Re: [PATCH] private mounts

From: Miklos Szeredi
Date: Wed Apr 27 2005 - 13:13:45 EST

> > Is it possible to limit all these from kernelspace? Probably yes,
> > although a timeout for operations is something that cuts either way.
> > And the compexity of these checks would probably be orders of
> > magnitude higher then the check we are currently discussing.
> Yes ... but does the check we are discussing really solve the
> problem?
> Let's say that you attempt to export home directories of users by a
> user-space NFS daemon. This daemon probably changes its fsuid to
> match the remote user, so the check happily accepts the access and
> the user is able to lock up the daemon.

Valid point. The only defense is that when a program set's fsuid,
it's performing the operation "on behalf of the user". So the user is
actually doing DoS against himself.

Of course this is not strictly true. E.g. in the userspace NFS case
it's probably a DoS against all users of the mount.

> It doesn't seem that there is any simple and universal cure -- root
> programs or setuid programs altering their fsuid are just too
> similar to the real user programs to separate them cleanly.

Root programs setting fsuid are relatively rare, most are suid
programs originally started from the user (nfsd is an exception).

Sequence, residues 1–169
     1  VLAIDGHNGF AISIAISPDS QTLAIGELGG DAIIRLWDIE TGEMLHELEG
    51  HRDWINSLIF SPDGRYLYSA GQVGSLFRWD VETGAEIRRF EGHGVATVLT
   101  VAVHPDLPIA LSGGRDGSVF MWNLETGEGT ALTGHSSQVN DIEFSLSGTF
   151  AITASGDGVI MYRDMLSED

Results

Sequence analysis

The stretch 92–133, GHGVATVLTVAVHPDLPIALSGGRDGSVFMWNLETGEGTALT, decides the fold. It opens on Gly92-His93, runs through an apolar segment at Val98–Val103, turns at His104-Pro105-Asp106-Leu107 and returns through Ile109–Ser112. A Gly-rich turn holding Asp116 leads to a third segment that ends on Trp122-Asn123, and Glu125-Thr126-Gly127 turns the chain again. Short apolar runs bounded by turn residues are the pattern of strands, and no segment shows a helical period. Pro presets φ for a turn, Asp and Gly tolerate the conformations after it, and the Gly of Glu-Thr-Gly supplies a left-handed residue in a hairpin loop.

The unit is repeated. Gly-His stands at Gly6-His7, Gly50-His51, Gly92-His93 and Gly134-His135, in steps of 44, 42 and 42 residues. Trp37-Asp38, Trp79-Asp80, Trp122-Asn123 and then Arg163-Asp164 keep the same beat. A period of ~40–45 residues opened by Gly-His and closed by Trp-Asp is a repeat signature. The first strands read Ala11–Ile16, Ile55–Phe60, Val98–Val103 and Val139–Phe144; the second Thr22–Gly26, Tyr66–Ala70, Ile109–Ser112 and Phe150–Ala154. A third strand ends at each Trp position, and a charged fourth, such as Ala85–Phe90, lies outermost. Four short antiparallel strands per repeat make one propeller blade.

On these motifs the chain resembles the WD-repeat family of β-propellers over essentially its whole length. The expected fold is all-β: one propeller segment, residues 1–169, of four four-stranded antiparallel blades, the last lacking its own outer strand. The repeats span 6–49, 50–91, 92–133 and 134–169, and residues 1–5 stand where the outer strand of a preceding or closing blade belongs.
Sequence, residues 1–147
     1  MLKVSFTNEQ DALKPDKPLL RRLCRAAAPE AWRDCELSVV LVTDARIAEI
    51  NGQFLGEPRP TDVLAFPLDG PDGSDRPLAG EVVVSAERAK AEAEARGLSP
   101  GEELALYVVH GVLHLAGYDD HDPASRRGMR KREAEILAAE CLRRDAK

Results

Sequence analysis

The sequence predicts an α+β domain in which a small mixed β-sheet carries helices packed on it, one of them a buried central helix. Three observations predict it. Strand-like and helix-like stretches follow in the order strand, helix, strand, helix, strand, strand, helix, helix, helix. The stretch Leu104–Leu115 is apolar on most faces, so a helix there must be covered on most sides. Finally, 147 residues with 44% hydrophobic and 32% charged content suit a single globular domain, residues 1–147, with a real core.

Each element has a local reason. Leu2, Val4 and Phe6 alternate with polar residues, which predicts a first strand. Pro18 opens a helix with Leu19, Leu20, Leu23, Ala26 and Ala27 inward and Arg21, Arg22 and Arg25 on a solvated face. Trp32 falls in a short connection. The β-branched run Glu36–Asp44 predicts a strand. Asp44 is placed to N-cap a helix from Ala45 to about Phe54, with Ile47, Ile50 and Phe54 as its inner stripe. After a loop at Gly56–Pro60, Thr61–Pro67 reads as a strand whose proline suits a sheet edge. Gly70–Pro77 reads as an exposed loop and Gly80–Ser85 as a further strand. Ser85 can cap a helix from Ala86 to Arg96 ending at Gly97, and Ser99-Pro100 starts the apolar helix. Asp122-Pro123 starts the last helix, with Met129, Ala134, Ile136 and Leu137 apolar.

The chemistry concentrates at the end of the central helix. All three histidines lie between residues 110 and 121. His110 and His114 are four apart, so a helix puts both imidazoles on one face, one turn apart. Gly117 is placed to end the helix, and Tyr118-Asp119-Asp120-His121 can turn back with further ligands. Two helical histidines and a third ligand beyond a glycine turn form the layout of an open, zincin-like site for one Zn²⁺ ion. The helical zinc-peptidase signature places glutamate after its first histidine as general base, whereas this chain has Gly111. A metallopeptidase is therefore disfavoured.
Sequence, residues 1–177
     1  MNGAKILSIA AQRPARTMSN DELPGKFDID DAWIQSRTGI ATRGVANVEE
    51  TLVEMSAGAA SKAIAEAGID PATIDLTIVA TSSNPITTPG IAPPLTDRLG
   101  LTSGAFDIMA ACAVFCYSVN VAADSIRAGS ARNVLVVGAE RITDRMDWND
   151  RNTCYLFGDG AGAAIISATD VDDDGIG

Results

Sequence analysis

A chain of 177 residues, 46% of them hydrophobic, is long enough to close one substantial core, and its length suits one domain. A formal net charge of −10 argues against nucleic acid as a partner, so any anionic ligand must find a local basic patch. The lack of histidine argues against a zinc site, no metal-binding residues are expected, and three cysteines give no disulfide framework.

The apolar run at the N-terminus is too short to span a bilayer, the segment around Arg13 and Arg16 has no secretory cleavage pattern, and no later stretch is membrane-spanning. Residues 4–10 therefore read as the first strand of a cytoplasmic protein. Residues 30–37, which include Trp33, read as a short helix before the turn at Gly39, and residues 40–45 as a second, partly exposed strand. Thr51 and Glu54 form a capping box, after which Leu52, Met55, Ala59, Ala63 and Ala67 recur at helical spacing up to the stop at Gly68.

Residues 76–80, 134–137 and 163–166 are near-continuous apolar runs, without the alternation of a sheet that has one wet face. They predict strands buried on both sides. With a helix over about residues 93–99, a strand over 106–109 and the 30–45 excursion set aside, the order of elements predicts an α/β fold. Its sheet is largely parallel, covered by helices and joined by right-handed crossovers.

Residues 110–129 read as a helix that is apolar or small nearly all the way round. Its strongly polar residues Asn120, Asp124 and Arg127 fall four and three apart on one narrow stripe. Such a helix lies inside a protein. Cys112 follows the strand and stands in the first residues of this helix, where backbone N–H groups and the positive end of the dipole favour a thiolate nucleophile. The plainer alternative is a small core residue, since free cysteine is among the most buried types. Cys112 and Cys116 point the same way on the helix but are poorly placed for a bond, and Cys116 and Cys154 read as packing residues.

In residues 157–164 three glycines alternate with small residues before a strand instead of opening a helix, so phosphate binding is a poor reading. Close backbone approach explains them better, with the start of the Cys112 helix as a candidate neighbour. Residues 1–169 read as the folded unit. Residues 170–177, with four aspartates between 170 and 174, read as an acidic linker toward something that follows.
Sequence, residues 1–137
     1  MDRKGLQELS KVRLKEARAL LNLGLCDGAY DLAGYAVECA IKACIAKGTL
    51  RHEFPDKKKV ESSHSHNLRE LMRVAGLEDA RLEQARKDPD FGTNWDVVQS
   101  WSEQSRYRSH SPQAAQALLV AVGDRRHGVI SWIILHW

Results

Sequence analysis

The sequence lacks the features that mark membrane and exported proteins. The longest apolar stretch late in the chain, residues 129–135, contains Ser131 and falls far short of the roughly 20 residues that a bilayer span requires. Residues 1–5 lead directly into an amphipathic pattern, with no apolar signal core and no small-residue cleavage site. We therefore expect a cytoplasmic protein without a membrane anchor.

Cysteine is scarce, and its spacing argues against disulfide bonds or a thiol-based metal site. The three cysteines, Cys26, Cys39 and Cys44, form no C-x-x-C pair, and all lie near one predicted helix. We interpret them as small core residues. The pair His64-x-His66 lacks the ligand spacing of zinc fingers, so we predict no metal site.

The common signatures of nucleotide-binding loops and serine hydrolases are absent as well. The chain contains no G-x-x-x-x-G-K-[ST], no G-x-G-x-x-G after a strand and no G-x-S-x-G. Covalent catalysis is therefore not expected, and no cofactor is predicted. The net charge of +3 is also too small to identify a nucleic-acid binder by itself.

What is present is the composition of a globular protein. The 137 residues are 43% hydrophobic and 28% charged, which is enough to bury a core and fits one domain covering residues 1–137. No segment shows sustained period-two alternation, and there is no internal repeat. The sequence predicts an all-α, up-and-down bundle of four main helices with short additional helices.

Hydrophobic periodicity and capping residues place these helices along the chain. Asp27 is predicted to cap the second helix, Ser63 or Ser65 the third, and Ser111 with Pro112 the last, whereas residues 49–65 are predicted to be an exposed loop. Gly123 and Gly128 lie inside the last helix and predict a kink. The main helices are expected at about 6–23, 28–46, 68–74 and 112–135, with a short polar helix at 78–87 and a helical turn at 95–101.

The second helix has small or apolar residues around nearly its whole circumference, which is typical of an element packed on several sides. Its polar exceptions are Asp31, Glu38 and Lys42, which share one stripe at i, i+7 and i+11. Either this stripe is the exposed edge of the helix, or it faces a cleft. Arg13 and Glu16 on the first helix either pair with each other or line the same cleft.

So yes the check fsuid is not the perfect solution. However let me
remind you that neither is the one with private namespace.

> I see a lot of similarities with symlinks -- many programs also need
> to take extra care of symlinks to be safe. However, symlinks are
> already senior citizens of Unix systems and programs know how to
> cope with them since ages.
> Maybe this could be taken advantage of by keeping all user mounts in
> a separate directory like /mnt/usr (and /mnt is very likely to be
> avoided by all programs traversing directory structure
> automatically) and symlinking from the requested mount points there
> (with symlinks naturally not followed by automatic traversals).

Maybe. It would be trivial to add a config option to fuse.conf to
limit user mounts to some directory.


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